WASHINGTON, D.C.Â Bob Dylan, an enigmatic and sometimes obscure singer-songwriter who gave voice to a generationÂ that wanted to seem intellectual while sitting around listening to music, was awarded the Medal of Freedom, the nation's highest civilian award, last night, a move that drew criticism from an unexpected quarter; other sixties musicians.
"The DEA wants to talk to you about that 'Everybody must get stoned' line."
"We're just as enigmatic and obscure as Dylan, and we had a #1 hit," said ?, a punctuation mark who escaped from the ghetto of English grammar books to front his pioneer garage band The Mysterians.Â "If he gets a medal, we deserve one."
?, at left.
"The President does not comment on his choices in music or punctuation," White House press secretary Robert Gibbs snapped at pool reporters who peppered him with questions to determine whether Dylan was available to autograph their frayed copies of "Blonde on Blonde."Â "There was no political dimension to this award, even though Dylan fans were polling low on voter enthusiasm, or enthusiasm of any kind for that matter."Â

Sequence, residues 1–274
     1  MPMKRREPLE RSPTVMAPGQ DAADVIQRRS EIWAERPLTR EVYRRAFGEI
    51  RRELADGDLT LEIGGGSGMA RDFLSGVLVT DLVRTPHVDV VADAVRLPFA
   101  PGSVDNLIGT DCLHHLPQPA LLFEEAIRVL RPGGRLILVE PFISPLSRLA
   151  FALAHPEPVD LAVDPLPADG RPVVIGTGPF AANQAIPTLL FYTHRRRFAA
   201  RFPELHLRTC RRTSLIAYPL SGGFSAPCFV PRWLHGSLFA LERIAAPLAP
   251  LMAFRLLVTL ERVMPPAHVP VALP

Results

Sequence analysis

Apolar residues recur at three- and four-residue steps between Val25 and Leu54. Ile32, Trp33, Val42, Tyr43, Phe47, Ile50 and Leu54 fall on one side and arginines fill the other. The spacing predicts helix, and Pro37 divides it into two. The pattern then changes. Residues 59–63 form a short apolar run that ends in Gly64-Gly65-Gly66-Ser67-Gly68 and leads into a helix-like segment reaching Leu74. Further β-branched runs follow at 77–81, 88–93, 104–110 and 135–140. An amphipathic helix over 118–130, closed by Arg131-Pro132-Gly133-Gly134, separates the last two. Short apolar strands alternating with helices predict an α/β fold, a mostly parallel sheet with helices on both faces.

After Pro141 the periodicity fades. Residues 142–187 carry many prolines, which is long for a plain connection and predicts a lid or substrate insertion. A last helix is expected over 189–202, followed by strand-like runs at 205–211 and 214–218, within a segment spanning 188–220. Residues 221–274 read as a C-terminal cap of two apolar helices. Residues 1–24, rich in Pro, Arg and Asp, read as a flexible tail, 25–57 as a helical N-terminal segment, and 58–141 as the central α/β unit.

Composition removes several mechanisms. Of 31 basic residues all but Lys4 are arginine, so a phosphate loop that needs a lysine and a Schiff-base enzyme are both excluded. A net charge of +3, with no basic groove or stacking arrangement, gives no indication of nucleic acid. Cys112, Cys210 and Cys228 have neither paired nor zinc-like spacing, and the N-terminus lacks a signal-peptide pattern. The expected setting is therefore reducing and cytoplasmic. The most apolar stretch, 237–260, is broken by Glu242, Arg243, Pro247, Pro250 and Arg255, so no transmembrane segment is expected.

"??--please.Â I can't stand '96 Tears.'"
Dylan's identity has been traced to Robert Zimmerman of Hibbing, Minnesota, where he is ranked the second-most famous musician to call the town home after Gary Puckett, a 60's hit machine with his band The Union Gap.Â The identity of "?" has never been revealed, althoughÂ he is believed to be either Rudy Martinez, Lee Harvey Oswald or Judge Crater, a New YorkÂ jurist who disappeared in 1930.
Chicks dig ?!
? is said to be frustrated that his contributions to American music have not received the same recognition as artists who rose to fame after his trail-blazing hit "96 Tears."Â "It had everything going for it," says rock critic Nils Berwang of Screw magazine.Â "A cheesy organ riff, a haunting bridge in a minor key, and an obscure allusion to oral sex."